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Five-year results of atropine 0.01% efficacy in the myopia control in a European population
  1. Manuel Moriche-Carretero1,2,
  2. Remedios Revilla-Amores1,
  3. Ana Gutiérrez-Blanco3,
  4. Francisco Javier Moreno-Morillo1,
  5. Clara Martinez-Perez4,
  6. Miguel Ángel Sánchez-Tena4,5,
  7. Cristina Alvarez-Peregrina5
  1. 1 Infanta Sofia University Hospital, San Sebastian de los Reyes (Madrid), Spain
  2. 2 Faculty of Biomedical and Health Sciences, Universidad Europea de Madrid, Madrid, Spain
  3. 3 Instituto Ocular Europeo, Madrid, Spain
  4. 4 ISEC LISBOA - Instituto Superior de Educação e Ciências, Lisboa, Portugal
  5. 5 Department of Optometry and Vision, Complutense University of Madrid. Faculty of Optics and Optometry, Madrid, Spain
  1. Correspondence to Dr Cristina Alvarez-Peregrina, Optometry and Vision, Complutense University of Madrid Faculty of Optics and Optometry, Madrid 28037, Spain; cristina_alvarez{at}


Aims To evaluate the efficacy and safety of 0.01% atropine eye-drops in controlling myopia progression over 5 years.

Methods Experimental, analytical, prospective, randomised and longitudinal study, in 361 right eyes from 361 children randomised into the control group (177 eyes without treatment) and treatment group (184 eyes with 0.01% atropine eye-drops). Children assigned to the treatment group used 0.01% atropine once a day every night and the control group’s children did not use any treatment or placebo. All the subjects completed an eye examination every 6 months for the 5 years of follow-up. The examination included subjective and objective refraction with cycloplegia, axial length (AL), keratometry and anterior chamber depth (ACD) to evaluate the efficacy of the treatment. It also included the anterior and posterior pole examination to evaluate the safety of the treatment.

Results The SE increased −0.63±0.42D in children after 5 years of treatment with 0.01% atropine, while in the control group the increase was −0.92±0.56D. AL increased 0.26±0.28 mm in the treatment group compared with 0.49±0.34 mm in the control group. Atropine 0.01% showed an efficacy of 31.5% and 46.9% in the control of the SE and AL increase, respectively. ACD and keratometry did not have significant changes between groups.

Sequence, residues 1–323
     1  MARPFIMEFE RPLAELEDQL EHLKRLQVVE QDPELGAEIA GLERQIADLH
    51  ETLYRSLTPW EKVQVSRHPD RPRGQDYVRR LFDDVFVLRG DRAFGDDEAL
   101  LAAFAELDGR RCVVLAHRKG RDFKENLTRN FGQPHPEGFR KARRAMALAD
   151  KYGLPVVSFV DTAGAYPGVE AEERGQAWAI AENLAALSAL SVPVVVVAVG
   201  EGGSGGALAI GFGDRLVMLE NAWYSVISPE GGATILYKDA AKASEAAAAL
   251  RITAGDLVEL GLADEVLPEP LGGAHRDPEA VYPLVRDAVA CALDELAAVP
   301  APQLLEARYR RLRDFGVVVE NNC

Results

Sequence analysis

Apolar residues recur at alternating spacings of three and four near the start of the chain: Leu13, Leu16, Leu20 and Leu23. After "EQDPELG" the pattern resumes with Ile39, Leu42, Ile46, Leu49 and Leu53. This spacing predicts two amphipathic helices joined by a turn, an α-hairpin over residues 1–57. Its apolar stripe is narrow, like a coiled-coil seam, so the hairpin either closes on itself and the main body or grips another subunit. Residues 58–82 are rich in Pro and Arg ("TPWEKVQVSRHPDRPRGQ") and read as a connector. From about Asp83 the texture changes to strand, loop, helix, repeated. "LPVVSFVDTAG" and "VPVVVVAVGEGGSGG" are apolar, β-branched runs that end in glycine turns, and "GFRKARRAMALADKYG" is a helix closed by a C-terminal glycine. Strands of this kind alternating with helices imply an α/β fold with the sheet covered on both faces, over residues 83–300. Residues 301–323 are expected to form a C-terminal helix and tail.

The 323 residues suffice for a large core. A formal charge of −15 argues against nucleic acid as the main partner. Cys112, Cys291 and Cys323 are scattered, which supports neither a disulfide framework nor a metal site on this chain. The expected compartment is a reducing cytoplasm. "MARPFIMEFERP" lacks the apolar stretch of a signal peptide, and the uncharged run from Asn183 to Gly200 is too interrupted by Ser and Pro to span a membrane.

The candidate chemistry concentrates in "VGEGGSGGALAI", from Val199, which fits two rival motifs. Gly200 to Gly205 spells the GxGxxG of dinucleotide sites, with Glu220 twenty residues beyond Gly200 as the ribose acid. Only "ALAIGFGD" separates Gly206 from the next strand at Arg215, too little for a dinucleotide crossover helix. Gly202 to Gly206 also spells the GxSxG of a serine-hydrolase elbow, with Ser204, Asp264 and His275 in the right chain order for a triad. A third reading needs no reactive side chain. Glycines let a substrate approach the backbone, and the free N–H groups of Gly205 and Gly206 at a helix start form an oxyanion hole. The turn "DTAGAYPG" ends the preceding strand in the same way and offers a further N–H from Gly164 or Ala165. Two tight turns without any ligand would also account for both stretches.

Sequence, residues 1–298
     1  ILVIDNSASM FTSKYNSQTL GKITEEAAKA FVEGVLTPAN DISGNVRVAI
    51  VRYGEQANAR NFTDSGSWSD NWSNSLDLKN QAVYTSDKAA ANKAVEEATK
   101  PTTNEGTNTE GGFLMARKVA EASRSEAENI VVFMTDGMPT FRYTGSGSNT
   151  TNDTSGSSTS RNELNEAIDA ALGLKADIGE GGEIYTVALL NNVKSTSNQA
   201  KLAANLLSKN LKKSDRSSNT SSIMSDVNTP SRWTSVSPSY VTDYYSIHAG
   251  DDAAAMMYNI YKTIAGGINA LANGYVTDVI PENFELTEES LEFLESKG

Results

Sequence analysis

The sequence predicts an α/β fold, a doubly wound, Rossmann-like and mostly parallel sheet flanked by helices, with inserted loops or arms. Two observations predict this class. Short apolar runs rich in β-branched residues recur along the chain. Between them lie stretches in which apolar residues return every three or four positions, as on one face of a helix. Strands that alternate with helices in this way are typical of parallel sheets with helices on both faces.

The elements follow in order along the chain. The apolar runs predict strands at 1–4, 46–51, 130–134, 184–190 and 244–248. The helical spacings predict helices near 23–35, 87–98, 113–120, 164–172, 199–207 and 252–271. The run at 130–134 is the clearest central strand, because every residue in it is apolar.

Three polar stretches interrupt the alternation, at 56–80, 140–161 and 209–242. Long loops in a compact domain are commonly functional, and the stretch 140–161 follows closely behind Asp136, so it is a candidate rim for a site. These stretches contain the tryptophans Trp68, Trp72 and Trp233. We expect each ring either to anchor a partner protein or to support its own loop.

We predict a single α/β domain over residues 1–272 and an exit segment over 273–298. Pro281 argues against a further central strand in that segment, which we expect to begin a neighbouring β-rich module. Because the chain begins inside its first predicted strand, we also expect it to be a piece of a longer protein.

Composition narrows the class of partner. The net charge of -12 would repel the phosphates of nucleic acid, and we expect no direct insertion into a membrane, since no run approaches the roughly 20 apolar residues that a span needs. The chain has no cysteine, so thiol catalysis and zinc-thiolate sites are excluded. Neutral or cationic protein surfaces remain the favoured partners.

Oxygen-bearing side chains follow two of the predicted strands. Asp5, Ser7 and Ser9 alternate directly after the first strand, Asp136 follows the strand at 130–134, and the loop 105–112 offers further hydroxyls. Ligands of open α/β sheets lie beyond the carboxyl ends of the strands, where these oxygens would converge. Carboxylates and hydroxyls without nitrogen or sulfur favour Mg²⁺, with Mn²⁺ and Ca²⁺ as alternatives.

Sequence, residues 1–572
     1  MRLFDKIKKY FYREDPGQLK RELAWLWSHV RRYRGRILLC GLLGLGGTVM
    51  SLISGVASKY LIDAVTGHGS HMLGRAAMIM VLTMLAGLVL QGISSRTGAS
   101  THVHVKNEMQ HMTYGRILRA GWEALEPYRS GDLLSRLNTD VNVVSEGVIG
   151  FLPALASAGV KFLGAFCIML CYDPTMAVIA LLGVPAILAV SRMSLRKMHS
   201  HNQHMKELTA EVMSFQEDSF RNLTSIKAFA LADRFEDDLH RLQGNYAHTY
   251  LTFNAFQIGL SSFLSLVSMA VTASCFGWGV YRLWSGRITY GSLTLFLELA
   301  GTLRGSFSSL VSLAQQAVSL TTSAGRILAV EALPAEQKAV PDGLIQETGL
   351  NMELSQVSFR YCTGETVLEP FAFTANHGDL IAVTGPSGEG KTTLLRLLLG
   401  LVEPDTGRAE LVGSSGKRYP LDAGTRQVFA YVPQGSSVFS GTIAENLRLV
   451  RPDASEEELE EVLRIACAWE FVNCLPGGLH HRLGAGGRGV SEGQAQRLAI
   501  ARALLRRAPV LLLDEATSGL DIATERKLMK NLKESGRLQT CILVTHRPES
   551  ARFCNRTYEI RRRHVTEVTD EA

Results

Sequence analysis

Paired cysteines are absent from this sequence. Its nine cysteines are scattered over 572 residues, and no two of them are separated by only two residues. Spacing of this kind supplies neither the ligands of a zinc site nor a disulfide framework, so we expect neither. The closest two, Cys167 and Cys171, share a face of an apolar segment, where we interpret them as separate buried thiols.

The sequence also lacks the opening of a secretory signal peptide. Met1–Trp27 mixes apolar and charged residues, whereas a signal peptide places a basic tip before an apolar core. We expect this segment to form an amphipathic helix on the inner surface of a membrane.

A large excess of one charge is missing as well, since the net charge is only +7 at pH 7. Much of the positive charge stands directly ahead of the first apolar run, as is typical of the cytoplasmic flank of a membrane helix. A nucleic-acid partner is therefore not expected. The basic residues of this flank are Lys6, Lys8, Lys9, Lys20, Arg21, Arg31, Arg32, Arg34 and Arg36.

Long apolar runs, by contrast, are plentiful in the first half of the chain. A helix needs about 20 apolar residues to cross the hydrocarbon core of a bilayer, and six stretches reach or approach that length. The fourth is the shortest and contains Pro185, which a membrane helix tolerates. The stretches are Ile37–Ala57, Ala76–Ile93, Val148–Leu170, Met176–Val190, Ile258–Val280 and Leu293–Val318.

Conclusions Atropine 0.01% is effective in slowing myopia progression in a European population. There were no side effects after 5 years of 0.01% atropine.

  • Child health (paediatrics)
  • Epidemiology

Data availability statement

Data are available on reasonable request. No data are available.

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Data availability statement

Data are available on reasonable request. No data are available.

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  • Contributors MM-C, MAS-T, CA-P and RR-A researched literature and conceived the study. MM-C was involved in protocol development, gaining ethical approval. MM-C, FJM-M and AG-B were involved in the patient recruitment and examinations. CM-P, MAS-T and CA-P were involved in the data analysis. CM-P and CA-P wrote the first draft of the manuscript. MM-C is responsible for the overall content as guarantor. All authors reviewed and edited the manuscript and approved the final version of the manuscript.

  • Funding The authors have not declared a specific grant for this research from any funding agency in the public, commercial or not-for-profit sectors.

  • Competing interests None declared.

  • Provenance and peer review Not commissioned; externally peer reviewed.